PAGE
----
I Hunt Killers
Author: Barry Lyga
Publication Date: 4/3/12
Publisher: Little Brown
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What if the world's worst serial killer...was your dad?
Jasper (Jazz) Dent is a likable teenager. A charmer, one might say.
But he's also the son of the world's most infamous serial killer, and for Dear Old Dad, Take Your Son to Work Day was year-round. Jazz has witnessed crime scenes the way cops wish they could--from the criminal's point of view.
In an effort to clear his name, Jazz joins the police in a hunt for a new serial killer. But Jazz has a secret--could he be more like his father than anyone knows?
Jazz himself is worried about becoming a killer. He knew about a lot of his father's victims and he keeps having nightmares (or are they memories?) about helping his father kill something/someone but he can't put the pieces together. He knows the history and evidence from his father's kills in and out and believes he understands the mind of a serial killer, so when the new killer starts racking up victims, Jazz attempts to help the local police solve the crime. The chief humors him more than I believe to be likely, but the funnier parts of the novel, and it IS funny, involve Jazz and his hemophiliac best friend Howie doing a little crime-solving work on their own. A lot of humor is also added by Jazz's grandmother, with whom he lives. She has increasing memory loss and often does wacky things and mistakes people for others. Of all the points in the novel that I could've been offended by, I was a little disheartened by the fact that Jazz essentially drugs his grandmother several times to keep her sleeping. Also, in regards to his grandmother, I felt like the child services worker, though well-intentioned, was unrealistic. Anybody who has worked in or around the system would probably raise an eyebrow at a worker making such an effort over someone who is healthy, not abused, able to support himself, and 6 months from aging out of the system. Sad, but true.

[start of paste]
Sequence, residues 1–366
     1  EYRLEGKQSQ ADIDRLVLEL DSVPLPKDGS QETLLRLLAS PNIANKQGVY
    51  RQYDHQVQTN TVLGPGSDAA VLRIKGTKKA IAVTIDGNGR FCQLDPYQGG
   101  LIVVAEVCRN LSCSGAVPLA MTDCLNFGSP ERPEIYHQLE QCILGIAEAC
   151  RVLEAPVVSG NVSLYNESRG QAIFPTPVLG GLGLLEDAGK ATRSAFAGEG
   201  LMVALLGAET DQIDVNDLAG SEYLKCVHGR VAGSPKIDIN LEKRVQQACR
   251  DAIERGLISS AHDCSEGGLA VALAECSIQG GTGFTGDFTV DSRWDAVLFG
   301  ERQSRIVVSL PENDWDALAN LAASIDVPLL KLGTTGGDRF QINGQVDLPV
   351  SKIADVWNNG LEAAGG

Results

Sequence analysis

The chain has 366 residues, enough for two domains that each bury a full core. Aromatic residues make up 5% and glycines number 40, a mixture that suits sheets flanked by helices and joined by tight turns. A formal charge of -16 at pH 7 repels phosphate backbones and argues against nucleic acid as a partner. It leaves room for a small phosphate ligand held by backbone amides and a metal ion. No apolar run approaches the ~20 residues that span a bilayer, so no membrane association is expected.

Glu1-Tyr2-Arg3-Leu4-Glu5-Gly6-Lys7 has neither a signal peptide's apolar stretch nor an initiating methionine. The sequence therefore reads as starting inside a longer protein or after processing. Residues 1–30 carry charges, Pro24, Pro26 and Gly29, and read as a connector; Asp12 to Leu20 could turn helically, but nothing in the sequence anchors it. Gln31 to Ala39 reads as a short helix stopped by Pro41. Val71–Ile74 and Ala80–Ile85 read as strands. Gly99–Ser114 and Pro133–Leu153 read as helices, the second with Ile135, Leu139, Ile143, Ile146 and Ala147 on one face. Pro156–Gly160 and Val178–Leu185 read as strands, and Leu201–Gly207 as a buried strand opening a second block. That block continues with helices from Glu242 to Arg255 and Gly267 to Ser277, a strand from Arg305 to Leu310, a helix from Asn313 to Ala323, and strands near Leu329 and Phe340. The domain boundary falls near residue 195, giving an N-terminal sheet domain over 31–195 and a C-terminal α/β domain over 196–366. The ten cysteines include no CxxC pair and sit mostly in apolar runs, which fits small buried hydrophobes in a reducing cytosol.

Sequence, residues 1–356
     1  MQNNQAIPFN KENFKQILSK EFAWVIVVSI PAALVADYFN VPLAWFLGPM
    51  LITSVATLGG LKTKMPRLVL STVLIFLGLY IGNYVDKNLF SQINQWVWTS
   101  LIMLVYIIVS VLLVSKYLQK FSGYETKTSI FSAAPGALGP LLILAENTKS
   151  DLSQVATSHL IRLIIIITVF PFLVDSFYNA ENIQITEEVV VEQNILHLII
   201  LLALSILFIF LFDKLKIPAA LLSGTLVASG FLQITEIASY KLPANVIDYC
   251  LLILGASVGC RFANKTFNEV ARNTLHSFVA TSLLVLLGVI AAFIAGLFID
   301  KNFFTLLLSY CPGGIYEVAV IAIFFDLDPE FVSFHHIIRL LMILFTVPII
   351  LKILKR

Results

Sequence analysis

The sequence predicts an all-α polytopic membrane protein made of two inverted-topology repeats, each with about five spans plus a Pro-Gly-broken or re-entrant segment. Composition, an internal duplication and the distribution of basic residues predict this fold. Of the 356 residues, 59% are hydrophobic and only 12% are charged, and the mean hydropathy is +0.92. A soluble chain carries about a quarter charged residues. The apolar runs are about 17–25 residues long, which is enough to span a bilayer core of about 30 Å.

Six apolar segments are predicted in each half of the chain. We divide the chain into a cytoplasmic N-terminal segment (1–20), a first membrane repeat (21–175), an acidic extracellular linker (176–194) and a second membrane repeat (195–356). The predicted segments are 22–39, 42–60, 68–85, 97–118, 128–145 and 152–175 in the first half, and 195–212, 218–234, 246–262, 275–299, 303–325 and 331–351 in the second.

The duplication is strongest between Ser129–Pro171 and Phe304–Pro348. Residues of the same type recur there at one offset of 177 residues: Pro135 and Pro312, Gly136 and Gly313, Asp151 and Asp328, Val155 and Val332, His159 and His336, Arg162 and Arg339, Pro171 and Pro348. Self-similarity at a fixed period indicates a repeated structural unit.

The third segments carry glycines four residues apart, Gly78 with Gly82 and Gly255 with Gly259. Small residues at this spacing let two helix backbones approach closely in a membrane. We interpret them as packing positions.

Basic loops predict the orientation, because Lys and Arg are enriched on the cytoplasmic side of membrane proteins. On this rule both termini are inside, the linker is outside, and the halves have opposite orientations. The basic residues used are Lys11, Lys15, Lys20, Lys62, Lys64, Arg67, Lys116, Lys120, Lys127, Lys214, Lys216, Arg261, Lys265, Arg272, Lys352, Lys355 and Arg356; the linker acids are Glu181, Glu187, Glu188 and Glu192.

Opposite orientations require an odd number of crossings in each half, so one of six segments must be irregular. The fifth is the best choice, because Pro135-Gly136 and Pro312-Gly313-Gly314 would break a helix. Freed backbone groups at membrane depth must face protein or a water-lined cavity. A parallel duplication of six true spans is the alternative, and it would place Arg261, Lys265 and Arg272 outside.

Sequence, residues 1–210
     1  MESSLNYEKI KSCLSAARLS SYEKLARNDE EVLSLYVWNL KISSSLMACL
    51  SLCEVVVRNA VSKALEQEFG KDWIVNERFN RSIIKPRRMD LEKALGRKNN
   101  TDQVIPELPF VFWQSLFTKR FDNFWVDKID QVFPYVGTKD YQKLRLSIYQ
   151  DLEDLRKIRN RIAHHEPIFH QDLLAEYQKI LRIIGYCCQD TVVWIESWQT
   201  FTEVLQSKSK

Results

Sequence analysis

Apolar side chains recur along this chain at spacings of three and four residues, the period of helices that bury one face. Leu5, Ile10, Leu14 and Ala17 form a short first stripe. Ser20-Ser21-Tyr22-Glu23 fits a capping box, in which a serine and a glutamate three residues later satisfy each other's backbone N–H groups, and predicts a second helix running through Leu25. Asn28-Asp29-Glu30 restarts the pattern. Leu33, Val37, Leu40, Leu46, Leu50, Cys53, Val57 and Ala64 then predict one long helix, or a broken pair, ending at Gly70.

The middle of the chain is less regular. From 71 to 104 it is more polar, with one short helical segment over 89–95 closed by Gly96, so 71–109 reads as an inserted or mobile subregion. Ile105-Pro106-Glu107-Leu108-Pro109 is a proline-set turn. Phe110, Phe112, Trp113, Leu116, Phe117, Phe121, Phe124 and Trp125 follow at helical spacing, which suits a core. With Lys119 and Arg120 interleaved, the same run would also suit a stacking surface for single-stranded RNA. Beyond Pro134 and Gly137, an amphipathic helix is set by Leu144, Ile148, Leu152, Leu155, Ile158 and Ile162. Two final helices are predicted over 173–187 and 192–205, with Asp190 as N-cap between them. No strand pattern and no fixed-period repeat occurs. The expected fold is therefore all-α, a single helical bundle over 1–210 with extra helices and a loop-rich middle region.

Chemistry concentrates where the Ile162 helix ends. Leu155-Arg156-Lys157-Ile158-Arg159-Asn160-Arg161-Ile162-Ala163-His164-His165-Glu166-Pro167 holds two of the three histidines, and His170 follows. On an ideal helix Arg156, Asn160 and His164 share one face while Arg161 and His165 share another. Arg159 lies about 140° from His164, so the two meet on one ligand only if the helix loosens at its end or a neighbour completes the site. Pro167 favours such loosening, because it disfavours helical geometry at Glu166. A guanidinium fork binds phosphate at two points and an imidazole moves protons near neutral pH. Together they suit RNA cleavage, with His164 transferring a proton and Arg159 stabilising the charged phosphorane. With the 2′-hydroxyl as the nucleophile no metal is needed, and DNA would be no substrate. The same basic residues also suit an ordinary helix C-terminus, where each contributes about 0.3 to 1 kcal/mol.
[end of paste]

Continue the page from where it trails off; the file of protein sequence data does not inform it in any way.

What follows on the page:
Fans of thrillers and horror novels will probably enjoy this, regardless of its YA categorization. When I was trying to think of readalikes, the only thing similar in the YA genre that I am aware of is the John Cleaver series by Dan Wells and I signed out of that series after the first book added in a paranormal element. This book had more gory elements, funny dialogue, more realism, and it was scarier. I was fully engaged for the entirety of the novel so to me, it is the clear winner. I Hunt Killers ends with a bang. It can stand alone but I sincerely hope that Lyga writes more about Jazz and company. Please don't leave me hanging like this, Mr. Lyga!
Thanks to Wendy Darling at The Midnight Garden for touring her ARC of this book. I loved it!